Ms. Amanpour almost immediately received a lot of criticism from across various communities and issued an apology within a couple of days. The people spoke up and called CNN which resulted in the aired apology. Was she compelled, led, or forced to do so we do not know, but her apology was almost as damaging as her initial libel. She properly summarized Kristallnacht as “the event that began the horrors of the Holocaust” and even though she clearly said that she should have not compared Trump to Hitler, she still equated Trump’s policies to “attacks on history, facts, knowledge and truth.”
My concern is that Ms. Amanpour’s statement has graver consequences than a statement followed by an apology. It is a symptom of a deeper problem that I have tried to expose in the past. I see four issues in that apology:
• Her diatribe was not an isolated incident: She regularly accuses Israel of crimes not committed, based on her personal wrong assumptions about history and the geopolitical situation in the Middle East. She has gone as far as calling Jewish people terrorists and children murderers in 2008 on CNN when, in an interview, she stated “And, although the number is small, there are terrorists — Jewish terrorists, including some who would even kill Palestinians children.”
• Her diatribe unequivocally exposes her real mindset: I have said this before, the very fact that someone would be willing to make such comments about the Jewish people, or any other people for that matter, shows that it is part of their mindset. It is always good when they apologize, but these apologies are usually short-lived and often overshadowed by the next libel. The very fact that Ms. Amanpour thought to compare President Trump to Hitler is the bigger problem.
• Her apology was only skin deep: Ms. Amanpour probably got called in by her boss and asked to issue some kind of an apology to preserve ratings and control the justified ire of the Jewish community and of many other people of goodwill. Her half-baked apology didn’t sound sincere, and that is very sad.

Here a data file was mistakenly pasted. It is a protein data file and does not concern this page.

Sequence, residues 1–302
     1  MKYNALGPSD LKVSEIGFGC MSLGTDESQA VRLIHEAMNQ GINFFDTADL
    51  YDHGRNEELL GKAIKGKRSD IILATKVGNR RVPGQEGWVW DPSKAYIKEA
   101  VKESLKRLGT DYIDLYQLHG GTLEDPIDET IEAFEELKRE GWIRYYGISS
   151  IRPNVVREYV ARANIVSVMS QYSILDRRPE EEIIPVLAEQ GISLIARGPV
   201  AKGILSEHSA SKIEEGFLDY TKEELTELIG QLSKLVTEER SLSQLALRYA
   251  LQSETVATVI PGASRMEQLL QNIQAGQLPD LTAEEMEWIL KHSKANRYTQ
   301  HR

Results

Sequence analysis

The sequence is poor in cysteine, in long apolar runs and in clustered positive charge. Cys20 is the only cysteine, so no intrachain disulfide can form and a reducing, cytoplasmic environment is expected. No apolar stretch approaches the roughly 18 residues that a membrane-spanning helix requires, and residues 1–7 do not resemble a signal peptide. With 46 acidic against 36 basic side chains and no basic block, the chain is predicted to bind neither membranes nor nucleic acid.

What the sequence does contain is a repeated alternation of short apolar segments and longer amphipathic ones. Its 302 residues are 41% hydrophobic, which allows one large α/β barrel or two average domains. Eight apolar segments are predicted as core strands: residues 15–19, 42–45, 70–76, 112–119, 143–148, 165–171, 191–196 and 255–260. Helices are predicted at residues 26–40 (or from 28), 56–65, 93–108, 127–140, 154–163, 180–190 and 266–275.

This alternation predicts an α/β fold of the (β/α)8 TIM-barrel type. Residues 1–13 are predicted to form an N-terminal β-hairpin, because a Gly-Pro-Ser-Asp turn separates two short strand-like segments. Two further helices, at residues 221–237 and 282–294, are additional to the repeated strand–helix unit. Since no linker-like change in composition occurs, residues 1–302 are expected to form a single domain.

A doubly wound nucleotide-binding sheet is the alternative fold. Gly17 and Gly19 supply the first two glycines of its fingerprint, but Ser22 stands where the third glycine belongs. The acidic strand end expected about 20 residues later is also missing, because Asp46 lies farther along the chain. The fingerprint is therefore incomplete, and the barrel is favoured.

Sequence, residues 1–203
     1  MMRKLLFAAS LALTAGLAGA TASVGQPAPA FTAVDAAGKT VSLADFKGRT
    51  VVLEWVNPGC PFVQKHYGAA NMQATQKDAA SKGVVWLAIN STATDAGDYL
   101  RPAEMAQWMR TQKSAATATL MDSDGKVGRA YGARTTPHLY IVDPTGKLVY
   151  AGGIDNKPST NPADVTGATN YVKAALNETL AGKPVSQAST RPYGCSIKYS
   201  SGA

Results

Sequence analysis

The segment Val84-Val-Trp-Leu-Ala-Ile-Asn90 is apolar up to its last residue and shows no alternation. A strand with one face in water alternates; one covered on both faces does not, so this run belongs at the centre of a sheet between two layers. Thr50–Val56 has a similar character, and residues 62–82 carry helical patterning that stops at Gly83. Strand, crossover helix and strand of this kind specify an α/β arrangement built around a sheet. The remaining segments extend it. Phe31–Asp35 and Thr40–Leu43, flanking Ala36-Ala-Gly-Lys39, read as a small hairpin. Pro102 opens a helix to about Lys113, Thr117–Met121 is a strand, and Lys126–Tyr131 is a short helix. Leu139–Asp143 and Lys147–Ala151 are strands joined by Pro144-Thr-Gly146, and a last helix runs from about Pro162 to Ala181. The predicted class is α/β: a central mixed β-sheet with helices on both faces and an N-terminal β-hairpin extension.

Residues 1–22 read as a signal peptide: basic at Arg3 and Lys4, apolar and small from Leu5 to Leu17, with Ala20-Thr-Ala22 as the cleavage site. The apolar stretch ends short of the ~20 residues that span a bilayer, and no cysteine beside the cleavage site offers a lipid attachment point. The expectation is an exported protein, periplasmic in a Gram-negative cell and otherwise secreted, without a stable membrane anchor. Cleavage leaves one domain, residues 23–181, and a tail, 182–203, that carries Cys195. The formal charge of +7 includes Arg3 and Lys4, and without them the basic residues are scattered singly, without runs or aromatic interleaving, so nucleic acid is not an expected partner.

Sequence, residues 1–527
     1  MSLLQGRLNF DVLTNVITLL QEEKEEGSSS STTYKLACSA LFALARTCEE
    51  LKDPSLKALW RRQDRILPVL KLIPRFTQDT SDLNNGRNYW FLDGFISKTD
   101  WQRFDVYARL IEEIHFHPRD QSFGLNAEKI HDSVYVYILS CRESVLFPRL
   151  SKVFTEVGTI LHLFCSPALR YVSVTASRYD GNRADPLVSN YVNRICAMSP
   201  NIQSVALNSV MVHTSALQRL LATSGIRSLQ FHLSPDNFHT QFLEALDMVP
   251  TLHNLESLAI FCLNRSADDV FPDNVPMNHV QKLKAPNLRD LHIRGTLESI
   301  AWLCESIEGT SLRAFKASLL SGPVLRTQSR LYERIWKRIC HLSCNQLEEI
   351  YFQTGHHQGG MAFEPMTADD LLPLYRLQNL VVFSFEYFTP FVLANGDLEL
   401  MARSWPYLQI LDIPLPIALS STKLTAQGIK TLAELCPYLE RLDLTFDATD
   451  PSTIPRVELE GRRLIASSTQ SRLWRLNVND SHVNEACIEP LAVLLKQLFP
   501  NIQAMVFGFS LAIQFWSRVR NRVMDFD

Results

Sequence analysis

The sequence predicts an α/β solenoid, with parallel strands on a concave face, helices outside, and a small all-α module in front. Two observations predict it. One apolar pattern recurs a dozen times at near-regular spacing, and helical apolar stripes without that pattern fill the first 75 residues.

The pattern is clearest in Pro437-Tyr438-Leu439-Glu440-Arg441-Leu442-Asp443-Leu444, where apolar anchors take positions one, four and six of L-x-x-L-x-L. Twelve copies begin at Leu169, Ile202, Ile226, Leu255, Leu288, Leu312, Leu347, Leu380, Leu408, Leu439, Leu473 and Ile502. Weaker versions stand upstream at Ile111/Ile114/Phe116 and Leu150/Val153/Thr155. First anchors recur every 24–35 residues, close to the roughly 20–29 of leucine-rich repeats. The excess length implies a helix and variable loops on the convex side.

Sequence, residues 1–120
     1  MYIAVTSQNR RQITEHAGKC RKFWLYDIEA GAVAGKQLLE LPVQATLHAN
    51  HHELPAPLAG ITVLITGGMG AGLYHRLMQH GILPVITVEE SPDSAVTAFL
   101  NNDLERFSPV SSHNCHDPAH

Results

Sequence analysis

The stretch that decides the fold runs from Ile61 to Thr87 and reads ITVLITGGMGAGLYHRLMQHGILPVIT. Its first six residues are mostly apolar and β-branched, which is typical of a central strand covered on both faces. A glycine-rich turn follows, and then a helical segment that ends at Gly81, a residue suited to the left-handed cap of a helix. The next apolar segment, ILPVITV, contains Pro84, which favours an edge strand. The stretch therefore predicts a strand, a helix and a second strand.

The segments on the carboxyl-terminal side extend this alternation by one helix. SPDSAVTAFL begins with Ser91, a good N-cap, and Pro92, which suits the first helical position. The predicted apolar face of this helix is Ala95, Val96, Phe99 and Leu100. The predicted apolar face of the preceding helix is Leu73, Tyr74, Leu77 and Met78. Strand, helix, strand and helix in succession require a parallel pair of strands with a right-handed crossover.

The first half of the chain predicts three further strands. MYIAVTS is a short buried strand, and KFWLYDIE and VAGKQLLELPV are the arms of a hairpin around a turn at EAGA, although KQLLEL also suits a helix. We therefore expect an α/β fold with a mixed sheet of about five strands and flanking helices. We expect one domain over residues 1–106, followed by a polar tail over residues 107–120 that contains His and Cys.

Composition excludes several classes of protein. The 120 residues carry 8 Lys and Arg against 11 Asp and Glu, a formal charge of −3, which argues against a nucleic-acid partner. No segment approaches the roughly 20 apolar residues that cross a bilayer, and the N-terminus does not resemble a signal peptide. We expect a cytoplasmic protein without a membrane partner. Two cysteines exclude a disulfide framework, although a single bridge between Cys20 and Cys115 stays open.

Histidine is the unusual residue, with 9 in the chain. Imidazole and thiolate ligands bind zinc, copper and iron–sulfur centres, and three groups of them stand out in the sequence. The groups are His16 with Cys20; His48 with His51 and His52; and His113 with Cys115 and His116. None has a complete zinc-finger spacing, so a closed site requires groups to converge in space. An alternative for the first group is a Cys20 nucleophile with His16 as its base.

• Her words don’t seem to put her job in jeopardy: Outside of this recent half-baked apology, claiming that she regretted having made her comments, her repeated diatribes have not been taken back or even put her CNN anchor’s position in jeopardy. She has repeatedly denigrated Israel and promoted the Palestinian narrative with no consequences affecting her job.
At the end of the day, I still think that it is a good thing that her libel was exposed for what it is and that she was forced to issue a statement of apology. Even if she wasn’t sincere, she needed to be exposed for her ignorance of history–willful or not– and blatant antisemitism.
• We must teach historical truth to others, especially our children and regardless of how uncomfortable any part of history was.
• We must show our Jewish community support when they are being attacked either verbally or physically.
• We must refrain from character assassination as retribution, no matter how frustrated and angry we might become.
• We have to stop believing that this doesn’t concern us if it is not directly affecting us personally.
• Ignorance should never be used as an excuse, especially in the age of instant communication.
• We cannot remain silent on the assumption that one voice will not amount to anything.
The Bible is actually clear about this as we read in Proverbs 24:10-12, “If you are slack in the day of distress, Your strength is limited. Deliver those who are being taken away to death, And those who are staggering to slaughter, Oh hold them back. If you say, “See, we did not know this, Does He not consider it who weighs the hearts? And does He not know it who keeps your soul? And will He not render to man according to his work?”
Not to speak is to speak, not to act is to act, and to look the other way turns us into co-perpetrators. We all have a choice!